We could be forgiven for being confused about business improvement…
It’s no wonder a great proportion of businesses are unremarkable. They receive seemingly contradictory advice on how to grow. It becomes unclear what to do next when results are declining.
We are expounded to do the following on a regular basis from all the business tomes assaulting our inbox, social media feeds and the blogs we follow.
Focus, focus, focus on your core business vs disrupt your own business before someone else does
Innovation required vs the need to close the gap between strategy and execution
Productivity efficiency vs develop a service business
Make sure you invest in your people vs get the right people on the bus
Get a social media strategy vs maintain direct customer contact
Everyone knows and has experienced, in some part of their lives, how difficult it can be to achieve change. Its almost as if we need a burning platform (imminent threat) to achieve the focus and commitment we require to MOVE.
Endless “do better” programs exist to get companies to improve and still, 87% of the time, businesses will hit a significant flat spot or decline in their revenue. It happens to the best.
Here are the names of some companies one can’t help but respect over the long haul…..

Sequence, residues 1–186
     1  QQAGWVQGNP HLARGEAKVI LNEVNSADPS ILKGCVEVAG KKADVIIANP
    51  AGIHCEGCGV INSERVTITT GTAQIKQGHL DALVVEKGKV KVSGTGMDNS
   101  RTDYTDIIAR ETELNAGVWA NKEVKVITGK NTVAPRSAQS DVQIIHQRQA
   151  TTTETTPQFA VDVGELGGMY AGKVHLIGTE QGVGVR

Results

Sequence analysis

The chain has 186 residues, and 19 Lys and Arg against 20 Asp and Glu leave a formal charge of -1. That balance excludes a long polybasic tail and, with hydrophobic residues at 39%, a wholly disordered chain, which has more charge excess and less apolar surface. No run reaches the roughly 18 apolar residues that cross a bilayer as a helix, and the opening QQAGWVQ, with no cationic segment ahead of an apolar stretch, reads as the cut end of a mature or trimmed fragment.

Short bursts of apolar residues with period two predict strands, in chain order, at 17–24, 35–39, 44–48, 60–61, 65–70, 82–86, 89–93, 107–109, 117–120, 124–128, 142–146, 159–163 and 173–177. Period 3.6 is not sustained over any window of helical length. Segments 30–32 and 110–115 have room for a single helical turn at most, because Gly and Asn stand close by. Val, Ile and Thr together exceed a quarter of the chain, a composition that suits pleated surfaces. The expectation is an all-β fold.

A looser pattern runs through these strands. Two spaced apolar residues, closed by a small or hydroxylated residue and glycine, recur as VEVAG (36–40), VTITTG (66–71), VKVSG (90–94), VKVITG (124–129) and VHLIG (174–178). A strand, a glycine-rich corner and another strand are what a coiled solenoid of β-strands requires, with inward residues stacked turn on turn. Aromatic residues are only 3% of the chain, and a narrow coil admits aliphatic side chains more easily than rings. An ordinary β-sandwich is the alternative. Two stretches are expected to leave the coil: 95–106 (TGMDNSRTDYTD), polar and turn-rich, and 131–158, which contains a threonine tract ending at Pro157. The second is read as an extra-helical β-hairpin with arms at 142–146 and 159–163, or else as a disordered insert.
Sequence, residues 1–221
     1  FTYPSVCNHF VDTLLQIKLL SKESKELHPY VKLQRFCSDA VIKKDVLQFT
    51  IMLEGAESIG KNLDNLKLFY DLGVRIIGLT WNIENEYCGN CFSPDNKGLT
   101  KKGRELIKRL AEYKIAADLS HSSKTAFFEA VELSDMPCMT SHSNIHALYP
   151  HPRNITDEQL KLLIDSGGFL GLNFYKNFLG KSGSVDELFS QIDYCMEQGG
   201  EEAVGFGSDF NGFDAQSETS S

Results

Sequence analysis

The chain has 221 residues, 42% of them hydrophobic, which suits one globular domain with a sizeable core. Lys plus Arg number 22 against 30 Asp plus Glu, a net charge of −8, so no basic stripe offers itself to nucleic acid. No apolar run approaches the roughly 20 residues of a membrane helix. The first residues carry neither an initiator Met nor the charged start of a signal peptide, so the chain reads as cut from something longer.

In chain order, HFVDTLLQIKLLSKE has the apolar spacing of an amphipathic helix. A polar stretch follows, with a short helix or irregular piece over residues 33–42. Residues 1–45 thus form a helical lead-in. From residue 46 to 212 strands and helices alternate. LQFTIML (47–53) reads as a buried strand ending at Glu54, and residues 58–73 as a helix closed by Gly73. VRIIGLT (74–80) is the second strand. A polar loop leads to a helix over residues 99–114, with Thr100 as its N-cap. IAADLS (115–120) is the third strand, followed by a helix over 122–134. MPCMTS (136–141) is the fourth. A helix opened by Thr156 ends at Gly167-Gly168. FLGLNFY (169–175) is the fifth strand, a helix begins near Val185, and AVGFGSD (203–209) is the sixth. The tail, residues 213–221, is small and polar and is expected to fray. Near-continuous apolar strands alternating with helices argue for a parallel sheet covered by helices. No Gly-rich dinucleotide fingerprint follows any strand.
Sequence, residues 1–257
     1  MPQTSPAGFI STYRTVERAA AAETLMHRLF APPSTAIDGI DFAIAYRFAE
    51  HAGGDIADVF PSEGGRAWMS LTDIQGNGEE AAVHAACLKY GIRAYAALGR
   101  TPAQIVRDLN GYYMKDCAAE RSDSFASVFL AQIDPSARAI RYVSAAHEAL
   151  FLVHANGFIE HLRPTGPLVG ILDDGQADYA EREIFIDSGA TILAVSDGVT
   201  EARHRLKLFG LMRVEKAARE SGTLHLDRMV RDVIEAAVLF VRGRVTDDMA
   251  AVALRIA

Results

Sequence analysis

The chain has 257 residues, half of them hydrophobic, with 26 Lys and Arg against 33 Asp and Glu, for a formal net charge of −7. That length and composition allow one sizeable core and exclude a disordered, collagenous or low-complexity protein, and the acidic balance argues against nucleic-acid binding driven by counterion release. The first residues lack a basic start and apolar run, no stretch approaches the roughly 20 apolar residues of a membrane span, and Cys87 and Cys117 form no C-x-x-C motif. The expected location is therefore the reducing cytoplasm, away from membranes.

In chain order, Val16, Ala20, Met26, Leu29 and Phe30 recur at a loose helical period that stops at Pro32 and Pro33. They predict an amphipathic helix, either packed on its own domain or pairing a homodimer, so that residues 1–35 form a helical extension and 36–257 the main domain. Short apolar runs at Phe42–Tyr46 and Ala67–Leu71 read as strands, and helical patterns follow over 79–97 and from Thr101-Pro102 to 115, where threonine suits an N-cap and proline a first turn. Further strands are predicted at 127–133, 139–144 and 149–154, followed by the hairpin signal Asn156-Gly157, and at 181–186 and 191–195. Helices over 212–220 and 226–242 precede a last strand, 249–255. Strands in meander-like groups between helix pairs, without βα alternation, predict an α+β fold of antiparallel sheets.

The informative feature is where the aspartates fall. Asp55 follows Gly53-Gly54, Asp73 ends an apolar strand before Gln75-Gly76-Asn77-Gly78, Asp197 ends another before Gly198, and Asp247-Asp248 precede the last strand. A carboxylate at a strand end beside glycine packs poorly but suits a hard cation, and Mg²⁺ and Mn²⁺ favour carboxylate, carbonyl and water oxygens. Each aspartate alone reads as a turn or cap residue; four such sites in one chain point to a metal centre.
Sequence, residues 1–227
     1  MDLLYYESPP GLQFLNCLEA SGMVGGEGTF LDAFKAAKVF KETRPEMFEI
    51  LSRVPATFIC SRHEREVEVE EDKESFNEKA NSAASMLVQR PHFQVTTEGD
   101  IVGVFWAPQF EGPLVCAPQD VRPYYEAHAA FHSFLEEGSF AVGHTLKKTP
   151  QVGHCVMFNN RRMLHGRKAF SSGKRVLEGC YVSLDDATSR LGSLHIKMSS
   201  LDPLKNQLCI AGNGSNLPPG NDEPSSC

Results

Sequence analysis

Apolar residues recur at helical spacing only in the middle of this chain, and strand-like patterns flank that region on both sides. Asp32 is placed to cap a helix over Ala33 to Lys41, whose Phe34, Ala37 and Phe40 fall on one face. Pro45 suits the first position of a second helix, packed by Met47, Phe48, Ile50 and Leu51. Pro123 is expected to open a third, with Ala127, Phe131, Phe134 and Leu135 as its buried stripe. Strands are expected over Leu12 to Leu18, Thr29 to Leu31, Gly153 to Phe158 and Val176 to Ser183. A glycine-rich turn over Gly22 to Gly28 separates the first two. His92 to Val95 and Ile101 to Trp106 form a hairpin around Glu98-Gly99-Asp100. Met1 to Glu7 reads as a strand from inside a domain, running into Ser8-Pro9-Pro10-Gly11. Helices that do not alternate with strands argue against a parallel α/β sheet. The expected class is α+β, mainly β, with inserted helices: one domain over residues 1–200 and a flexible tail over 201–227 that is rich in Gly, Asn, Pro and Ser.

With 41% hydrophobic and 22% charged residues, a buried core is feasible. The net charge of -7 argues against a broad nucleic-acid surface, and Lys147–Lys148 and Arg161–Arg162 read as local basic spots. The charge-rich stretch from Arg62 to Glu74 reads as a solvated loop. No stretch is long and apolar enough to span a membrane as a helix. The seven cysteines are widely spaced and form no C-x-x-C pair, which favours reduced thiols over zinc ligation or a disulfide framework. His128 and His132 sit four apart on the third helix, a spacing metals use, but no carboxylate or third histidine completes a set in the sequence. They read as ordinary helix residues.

Firstly, they have all invented products that have had a significant impact on the world.
Secondly, they have done what many, many, many (did I say many?) physical product companies have tried and failed to achieve and that is to change their business models to generate a substantial portion of their revenue from services.
Thirdly, they have all been around for greater than 100 years. (Founded in 1892, 1906 and 1911 respectively)
Lastly, they have all had near death experiences and survived.
GE’s was in 2008 when Warren Buffet’s Berkshire Hathaway invested $3 billion to shore up their balance sheet amidst the global financial crisis
Xerox had theirs in 2001/2002 when their share price declined from a high of $64 to just $5.
IBM’s was in 1993 when it posted the largest corporate quarterly loss in history (at the time) ringing in a $5.5 billion loss.
But more importantly than any of the specific events and circumstances that triggered those harrowing times, they have all managed to scrap, fight, think, innovate and survive their way to different markets, vastly different product portfolios and newer business models. Many, many, many (did I say many?) other companies were not able to do that and filed for bankruptcy. (Lehman Brothers, Kodak, GM)
Here are some companies that are currently the toast of the town:
These companies are all in the top 10 list of UNICORNS. A unicorn is a privately owned start up that has achieved a valuation greater than $1 Billion.
The UNICORNS have very bright futures. (As did Xerox with a 95% plus market share in photocopiers at 70% margins in the 60’s and early 70’s before their market share dropped to 14% in the space of 4 years by 1980). The longer they are around the more the 87% odds of them having a major slump in revenue mount…
In each case above, the three “legacy” companies had their burning platform to achieve the change required to endure. A word to the wise for the newbies……don’t leave it until a near death experience to change up your offer because your products WILL erode and disappear over time. For all the non UNICORNS out there…. best to start now, don’t wait for the engine to stall.